Professor sparks conversation to spread deeper understanding and compassion

November 04, 2022

Professor Matthew Rowley takes a selfie in front of a religious building/temple while traveling abroad

“Does religion make conflict better or worse?” This is the question Professor Matthew Rowley asked his students throughout the semester.

In his first-year seminar course, Father Jordan Lenaghan, Professor Iddrisu Awudu and Rabbi Reena Judd spoke in his class at the same time to discuss how they believe the potential of faith can divide and persecute but could also be crucial for building a just and thriving society, said Rowley.

Father Jordan discussed how belonging to an old and transnational faith community undermined the weaponizing and worshipping of American politics with Awudu, who also mentioned the charity and care for the stranger as central religious commitments, said Rowley.

Rabbi Judd explained how the core principles of the Hebrew Bible emphasize the value of treating others the way they want to be treated. The discussion covered various topics including extremism and forgiveness.

“On day one of my course, I introduced the students to the term ‘religious literacy,’” Rowley said. “Religion plays an important role in politics and foreign affairs and ignorance of this fact is not bliss. Nations that ignore religion are doomed to offend. Much of the world closely links religion with politics, so there are self-interested reasons for world leaders to learn about beliefs other than their own.”

Rowley values the role religion plays in everyday life and hopes his students will understand its impact. He aims to broaden his students’ perspectives with a versatile and compassionate point of view that can be taken anywhere they go.

“We live in a world filled with conflict and polarization, and I do not want to pour gasoline on the fire,” Rowley said. “I don’t expect my students to enter careers that focus on religion and conflict, but I want them to carry a more nuanced view of the topic into whatever path they choose. I want to give them the tools so they can refuse to think the worst about ordinary people who believe differently than them.”

While Rowley was in high school, the September 11, 2001 terrorist attacks happened.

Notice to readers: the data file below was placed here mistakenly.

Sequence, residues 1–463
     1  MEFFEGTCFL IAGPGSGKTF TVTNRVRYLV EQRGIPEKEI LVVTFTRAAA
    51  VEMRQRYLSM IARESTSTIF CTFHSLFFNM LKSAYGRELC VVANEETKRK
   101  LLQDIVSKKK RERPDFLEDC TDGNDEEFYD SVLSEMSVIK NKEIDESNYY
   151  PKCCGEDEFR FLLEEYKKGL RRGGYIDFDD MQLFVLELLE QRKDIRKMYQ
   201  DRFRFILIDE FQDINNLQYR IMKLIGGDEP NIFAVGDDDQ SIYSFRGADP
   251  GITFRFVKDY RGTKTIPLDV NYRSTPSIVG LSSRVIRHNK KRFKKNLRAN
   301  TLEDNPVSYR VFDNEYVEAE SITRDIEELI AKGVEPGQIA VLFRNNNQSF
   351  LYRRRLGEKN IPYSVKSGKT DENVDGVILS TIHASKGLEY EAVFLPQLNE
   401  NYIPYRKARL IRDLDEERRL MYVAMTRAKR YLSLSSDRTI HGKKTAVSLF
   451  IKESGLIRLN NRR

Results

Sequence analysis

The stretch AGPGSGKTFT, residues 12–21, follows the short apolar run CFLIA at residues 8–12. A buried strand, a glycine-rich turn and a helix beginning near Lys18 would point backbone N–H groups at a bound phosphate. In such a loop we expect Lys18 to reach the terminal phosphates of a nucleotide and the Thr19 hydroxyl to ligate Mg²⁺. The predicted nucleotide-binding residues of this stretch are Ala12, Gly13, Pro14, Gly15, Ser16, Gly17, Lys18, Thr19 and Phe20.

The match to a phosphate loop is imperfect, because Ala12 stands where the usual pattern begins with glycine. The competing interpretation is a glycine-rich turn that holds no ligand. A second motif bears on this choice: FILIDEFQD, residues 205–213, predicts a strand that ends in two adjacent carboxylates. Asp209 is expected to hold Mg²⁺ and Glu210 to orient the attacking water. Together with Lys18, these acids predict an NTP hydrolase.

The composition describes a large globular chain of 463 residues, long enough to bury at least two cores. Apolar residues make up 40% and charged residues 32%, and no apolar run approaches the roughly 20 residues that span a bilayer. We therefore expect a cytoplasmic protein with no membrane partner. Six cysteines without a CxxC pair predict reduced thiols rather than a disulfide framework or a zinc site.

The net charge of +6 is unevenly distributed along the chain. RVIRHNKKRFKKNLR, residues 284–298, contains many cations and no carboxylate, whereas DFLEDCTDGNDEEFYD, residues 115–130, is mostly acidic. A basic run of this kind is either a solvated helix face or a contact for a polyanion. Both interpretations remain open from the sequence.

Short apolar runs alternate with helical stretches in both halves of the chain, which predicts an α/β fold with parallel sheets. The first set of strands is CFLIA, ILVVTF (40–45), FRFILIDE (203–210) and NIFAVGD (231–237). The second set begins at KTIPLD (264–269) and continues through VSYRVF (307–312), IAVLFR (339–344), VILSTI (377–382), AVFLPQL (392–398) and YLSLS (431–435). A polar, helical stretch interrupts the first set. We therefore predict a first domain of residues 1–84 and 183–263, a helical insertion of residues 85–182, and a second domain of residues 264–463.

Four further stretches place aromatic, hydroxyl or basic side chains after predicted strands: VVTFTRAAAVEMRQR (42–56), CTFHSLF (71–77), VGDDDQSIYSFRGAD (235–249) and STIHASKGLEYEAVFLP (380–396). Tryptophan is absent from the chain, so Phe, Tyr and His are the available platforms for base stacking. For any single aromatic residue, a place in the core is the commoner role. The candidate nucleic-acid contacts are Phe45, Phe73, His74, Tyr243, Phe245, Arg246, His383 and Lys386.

The terrorism sparked his curiosity in understanding how religion and conflict correlate, specifically with Islam.

His studying of Islam branched out to other religions and made him discover how all large and old religious traditions had long histories of violence, he said.

He is now a historian of religion and violence in 17th century England, Scotland, Ireland and colonial America. He also focuses on identity, race, slavery, law and how the past is remembered.

Over the past summer, Rowley wrote a book called “God, Religious Extremism and Violence.” This inspired him to spread awareness of religion and conflict in the classroom.

“Writing the book convinced me there were better and worse ways to think about how religion and conflict intersect,” he said. “I wanted to see if a classroom could discuss controversial topics in ways that promote curiosity, self-criticism, humility, empathy and charity. These are among the cardinal academic virtues, and they are also helpful tools for de-polarization and learning to live with difference.”

Rowley also emphasizes how religion and politics are usually intertwined. He said he looks to spark expressions of belief or unbelief that promote human growth among one another, freedom of conviction and expansive visions of dignity for all.

“Everywhere you poke in history, no matter the region or time, you will find believers and unbelievers who act on their convictions in harmful ways, but that is only part of the story,” Rowley said. “You will also find those who enact their beliefs in humane and inspiring ways. I am interested in telling both stories, but I want to go deeper. I want to understand why some persons use their beliefs to harm and why others in the same community use similar beliefs to heal.”

Stay in the Loop

Sign Up Now